And ever since 1948 there is also the question of who qualifies for an Israeli passport – another way of measuring Jewish legitimacy.
And now here we are, very much a minority (only 2% of the US population is Jewish in even the most liberal terms) and at the same time a high-profile group in America. No wonder it’s all so complicated.
I agree with what you are saying and as usual I am learning a lot from you. Even in my Judaism class there seems to be a jockeying for position, in that people seem to want to know which “camp” you are coming from Jewish descent or Jew by choice. I guess it is human nature to feel nervous about being accepted. I feel that I am both but try hard to declare neither vehemently. However, being sensitive to those who spent their whole lives studying and attending services…I usually just don’t say anything and try to sit out of sight. Sometimes being out of sight in a small community is hard to do though!
It’s confusing b/c the US is such a patriarchal society, and since children usually have their father’s last name, they’re going to be perceived as Jewish even if their mother is completely Christian or Buddhist for centuries. That factors in to the thinking, I’m sure.
But what do I know? Despite having an uber-Gentile surname, I’m often presumed to be one of The Tribe. I know from Yiddish pretty good, I have dark hair and eyes, pale skin, and a schnoz. I don’t claim it, of course, but it does make for laughs sometimes.
We’re pretty sure my mother’s grandfather was Jewish and just hid it. A few customs and dishes in our family tradition also point to that. He married a Scottish woman, and yes, that combination meant pennies were pinched as much as the stereotypes would have it!
I thank great-grandpa for making the choice that allowed me the glories of bacon and shrimp, however.
“It’s confusing b/c the US is such a patriarchal society, and since children usually have their father’s last name, they’re going to be perceived as Jewish” – Well put!
One of the things that intrigues me about Jewish culture is how many things are set up to run counter to Western cultural expectations or logic. Matrilineal descent is one, the point at which the day turns is another. Having the day begin at sundown is counterintuitive. I look at these things and wonder “why” but it may be more interesting to look and say, “so what?” — what is the effect of this particular bit of opposition to majority culture?
So if you are not officially a member of the tribe, how did you get handy with Yiddish?
I always had Jewish friends growing up, then I spent a lot of time in theater and TV, and of course Yiddish is the second language of showbiz regardless of religion.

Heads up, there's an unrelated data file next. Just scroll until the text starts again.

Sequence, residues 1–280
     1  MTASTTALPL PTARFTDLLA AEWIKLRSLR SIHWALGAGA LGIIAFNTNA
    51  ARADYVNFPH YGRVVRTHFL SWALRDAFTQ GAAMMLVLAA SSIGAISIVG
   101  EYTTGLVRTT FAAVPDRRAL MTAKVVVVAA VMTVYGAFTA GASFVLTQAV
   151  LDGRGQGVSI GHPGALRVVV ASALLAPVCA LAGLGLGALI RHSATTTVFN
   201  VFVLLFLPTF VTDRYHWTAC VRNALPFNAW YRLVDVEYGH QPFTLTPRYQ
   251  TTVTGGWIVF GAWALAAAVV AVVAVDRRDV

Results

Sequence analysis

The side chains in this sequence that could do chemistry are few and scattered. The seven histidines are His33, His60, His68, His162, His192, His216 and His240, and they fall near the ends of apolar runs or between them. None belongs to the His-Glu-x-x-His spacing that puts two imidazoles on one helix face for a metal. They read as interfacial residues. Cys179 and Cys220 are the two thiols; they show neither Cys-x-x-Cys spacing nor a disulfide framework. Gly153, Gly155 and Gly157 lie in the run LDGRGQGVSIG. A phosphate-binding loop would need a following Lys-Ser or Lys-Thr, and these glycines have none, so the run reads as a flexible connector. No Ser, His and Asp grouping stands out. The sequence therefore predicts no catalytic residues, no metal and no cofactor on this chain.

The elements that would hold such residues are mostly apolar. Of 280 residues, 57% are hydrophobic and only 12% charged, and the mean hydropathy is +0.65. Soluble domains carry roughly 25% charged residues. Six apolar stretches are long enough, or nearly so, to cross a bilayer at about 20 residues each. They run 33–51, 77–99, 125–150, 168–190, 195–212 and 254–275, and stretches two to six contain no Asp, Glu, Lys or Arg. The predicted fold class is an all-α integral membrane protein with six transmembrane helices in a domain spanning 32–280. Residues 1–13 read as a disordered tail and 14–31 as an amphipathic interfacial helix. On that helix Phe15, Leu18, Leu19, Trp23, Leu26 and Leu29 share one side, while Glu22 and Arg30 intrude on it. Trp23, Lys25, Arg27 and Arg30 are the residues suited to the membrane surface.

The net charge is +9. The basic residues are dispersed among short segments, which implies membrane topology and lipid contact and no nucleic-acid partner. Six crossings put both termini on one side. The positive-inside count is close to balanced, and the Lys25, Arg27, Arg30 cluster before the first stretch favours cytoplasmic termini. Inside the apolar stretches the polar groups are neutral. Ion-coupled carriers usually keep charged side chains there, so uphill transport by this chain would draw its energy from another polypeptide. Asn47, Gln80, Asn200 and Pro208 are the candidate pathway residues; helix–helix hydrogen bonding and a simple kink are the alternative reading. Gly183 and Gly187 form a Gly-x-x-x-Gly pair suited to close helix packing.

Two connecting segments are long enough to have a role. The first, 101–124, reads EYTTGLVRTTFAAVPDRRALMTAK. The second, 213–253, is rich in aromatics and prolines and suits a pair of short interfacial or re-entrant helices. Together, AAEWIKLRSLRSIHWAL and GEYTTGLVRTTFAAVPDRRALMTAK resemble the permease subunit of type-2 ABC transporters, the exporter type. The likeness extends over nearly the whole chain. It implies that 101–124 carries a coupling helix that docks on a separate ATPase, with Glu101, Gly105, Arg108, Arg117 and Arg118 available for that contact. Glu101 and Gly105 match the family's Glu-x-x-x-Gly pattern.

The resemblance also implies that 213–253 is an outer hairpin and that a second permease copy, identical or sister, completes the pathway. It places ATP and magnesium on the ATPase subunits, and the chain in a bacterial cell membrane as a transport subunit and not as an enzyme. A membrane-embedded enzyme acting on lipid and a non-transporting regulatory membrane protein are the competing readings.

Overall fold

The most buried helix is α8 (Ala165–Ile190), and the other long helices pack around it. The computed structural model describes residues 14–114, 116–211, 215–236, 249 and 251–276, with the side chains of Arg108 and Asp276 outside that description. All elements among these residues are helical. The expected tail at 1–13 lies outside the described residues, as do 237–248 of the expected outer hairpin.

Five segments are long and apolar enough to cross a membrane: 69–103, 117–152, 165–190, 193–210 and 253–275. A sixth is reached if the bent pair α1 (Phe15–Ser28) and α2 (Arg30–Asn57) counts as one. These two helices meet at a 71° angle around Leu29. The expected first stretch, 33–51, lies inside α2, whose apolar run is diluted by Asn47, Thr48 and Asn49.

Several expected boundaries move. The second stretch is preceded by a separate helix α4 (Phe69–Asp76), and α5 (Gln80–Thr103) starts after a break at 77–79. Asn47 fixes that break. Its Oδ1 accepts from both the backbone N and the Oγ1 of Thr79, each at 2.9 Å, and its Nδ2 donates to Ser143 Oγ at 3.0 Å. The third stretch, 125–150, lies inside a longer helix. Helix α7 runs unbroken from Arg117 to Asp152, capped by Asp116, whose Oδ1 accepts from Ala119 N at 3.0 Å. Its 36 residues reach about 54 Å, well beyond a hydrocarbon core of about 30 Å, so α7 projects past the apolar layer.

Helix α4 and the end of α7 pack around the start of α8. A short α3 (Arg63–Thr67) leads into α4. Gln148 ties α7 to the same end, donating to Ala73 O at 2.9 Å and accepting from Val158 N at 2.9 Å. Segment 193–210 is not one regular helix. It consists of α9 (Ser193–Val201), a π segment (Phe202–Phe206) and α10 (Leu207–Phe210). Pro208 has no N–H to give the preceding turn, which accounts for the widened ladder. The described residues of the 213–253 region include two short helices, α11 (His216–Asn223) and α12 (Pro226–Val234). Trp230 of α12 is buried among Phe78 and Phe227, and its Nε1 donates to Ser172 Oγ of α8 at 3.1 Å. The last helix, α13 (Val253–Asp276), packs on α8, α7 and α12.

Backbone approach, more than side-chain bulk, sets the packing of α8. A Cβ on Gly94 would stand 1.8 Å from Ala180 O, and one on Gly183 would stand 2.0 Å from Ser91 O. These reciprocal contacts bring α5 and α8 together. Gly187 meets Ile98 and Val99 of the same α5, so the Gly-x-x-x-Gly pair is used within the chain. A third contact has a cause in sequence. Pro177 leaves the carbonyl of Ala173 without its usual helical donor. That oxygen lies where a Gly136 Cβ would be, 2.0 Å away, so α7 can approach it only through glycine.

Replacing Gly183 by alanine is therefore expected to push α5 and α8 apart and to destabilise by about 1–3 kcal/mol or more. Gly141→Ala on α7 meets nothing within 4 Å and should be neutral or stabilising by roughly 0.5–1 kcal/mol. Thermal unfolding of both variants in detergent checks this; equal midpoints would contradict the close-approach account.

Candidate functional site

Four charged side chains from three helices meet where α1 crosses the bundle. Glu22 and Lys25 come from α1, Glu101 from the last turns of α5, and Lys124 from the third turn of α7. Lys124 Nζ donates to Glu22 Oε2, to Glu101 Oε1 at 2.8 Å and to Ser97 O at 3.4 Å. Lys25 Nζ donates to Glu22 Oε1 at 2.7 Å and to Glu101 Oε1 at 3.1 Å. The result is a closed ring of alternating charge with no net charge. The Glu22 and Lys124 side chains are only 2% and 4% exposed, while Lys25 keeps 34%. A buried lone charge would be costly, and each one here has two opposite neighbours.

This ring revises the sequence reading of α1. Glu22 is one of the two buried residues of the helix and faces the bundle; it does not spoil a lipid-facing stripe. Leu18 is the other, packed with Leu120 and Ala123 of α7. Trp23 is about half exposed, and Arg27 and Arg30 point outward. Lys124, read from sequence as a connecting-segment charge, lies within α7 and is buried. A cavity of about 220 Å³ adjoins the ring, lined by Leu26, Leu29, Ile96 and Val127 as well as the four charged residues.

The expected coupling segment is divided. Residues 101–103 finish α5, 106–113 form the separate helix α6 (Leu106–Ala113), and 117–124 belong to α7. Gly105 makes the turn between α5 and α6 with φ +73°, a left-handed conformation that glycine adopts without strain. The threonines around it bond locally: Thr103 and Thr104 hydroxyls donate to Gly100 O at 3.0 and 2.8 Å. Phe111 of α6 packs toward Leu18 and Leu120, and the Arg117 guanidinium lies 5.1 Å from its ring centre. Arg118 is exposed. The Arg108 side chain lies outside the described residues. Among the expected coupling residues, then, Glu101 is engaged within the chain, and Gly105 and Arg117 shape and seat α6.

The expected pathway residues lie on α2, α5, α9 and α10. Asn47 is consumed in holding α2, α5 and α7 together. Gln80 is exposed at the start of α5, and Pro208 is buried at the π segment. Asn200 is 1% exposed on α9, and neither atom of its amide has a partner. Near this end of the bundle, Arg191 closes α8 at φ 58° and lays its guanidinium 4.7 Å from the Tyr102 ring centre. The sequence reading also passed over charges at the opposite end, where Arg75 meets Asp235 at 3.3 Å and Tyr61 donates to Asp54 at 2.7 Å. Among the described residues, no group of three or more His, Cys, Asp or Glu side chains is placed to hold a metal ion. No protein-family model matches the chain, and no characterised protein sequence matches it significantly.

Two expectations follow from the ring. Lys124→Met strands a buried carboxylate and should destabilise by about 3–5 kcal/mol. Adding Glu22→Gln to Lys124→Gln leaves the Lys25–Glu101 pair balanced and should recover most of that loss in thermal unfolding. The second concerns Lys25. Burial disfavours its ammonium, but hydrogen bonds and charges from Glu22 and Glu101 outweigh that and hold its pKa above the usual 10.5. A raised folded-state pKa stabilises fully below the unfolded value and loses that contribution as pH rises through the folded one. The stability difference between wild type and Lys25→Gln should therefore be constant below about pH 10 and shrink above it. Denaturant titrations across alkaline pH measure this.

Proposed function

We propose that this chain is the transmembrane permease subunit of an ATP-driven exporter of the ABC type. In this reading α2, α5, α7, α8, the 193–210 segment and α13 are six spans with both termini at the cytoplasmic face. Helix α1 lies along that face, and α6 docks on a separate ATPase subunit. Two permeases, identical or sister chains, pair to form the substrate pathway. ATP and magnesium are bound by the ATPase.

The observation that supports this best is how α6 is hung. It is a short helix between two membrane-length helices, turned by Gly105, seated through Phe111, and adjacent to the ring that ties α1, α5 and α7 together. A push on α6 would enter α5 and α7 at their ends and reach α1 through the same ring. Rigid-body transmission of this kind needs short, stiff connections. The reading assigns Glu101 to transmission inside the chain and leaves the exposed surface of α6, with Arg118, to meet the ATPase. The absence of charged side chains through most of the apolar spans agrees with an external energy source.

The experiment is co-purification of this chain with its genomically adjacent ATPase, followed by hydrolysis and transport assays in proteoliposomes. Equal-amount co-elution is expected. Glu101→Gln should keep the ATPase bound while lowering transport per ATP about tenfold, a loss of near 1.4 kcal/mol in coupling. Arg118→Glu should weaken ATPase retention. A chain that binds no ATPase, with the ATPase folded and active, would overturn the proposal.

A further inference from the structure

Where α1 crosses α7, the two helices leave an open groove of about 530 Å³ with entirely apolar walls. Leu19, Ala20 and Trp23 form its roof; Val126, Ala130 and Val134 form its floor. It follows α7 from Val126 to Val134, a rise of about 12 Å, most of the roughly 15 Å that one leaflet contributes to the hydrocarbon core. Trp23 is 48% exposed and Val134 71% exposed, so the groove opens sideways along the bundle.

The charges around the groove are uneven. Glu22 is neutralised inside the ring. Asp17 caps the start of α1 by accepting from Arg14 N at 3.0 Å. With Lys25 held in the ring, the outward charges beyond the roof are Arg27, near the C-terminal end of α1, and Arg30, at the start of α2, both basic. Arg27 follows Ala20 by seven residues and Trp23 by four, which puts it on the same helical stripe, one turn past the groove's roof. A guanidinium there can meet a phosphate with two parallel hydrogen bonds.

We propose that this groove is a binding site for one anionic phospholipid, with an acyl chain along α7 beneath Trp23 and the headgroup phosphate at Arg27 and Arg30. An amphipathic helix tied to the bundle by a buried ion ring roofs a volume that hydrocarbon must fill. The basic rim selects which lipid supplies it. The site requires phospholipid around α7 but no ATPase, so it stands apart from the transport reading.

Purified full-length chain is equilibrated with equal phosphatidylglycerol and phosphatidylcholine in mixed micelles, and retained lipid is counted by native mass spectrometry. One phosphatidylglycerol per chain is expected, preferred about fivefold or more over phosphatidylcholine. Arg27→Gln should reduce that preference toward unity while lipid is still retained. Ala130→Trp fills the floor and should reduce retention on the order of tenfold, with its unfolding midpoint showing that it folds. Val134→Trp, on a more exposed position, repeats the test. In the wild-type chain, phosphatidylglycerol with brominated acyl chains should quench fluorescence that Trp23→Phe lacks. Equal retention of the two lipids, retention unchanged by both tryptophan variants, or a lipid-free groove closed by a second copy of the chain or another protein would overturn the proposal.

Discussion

The Celtic traditions are strangely similar — the day begins at sunset, the holidays sort of remind me of each other in timing, and the Picts were matrilineal. (Which, before DNA, only makes sense.)
Wow, I need to do some reading about Celtic traditions. Day begins at sunset? Wow. Embarrassing, given that my background is Irish American. Clearly I need to fix this ignorance.
I find that there are things I can say in Yiddish for which no other language suffices.
There is no finer language than Yiddish for expressing disgust or disappointment. Feh.
Thanks for this thoughtful post, Rabbi Adar. It is often difficult for Jew and non-Jew to grasp a Jewish point of view when surrounded by a very Christian & American culture.
This week I have spoken with two different people who asked me for the bottom line – how is this aspect of my life be measured by Jewish law? I believe it is important to be honest. It is quite possible to be kind and honest. My goal is for a person to:
1. Feel they have the information they want & need
2. Feel cared about
3. Be comfortable coming back to me with another question or issue.
For adults who grew up with one Jewish parent or grandparent but no formal Jewish education it can be an awful shock to enter their first Jewish environment and discover they know little of Judaism and certainly none the secret handshakes & passwords!
Of late, having diversity in your family tree has become cool. But to be accepted into a people that considers itself on big family, you need more. Helping those individuals who want that ‘more’ is a mitzvah.
Thanks, Dawn – you’ve been one of my teachers on this subject.
There’s another element that confuses things: there are a lot of people running around pontificating about Judaism without sufficient knowledge. (Pun intended.) I have heard self-appointed experts give all kinds of misinformation and bad advice. It’s really important for newcomers to have sources they can trust, and up to us Jewish pros to make sure that those trusted sources are accessible.
Thank you for your tireless work in making Judaism accessible!
Thanks for addressing this important but not commonly discussed topic. I think it is worth adding this key point, though: Judaism is a religion, a system of beliefs. While many Jews identify with it more culturally or communally, it is still a religion primarily. How can you be “part” when you’re talking about religion? Can you be part Christian and part Jewish? While certainly you can come from both heritages, there is a key conflict in their core beliefs. As someone who comes from an interfaith family, I was told by the occasional Hebrew school classmate that I was part Jewish. Early on, my mom taught me to respond that I am all Jewish, that it’s not like being part Italian. I would guess that this is a big part of what makes people uncomfortable, perhaps more than the history of matrilineal descent.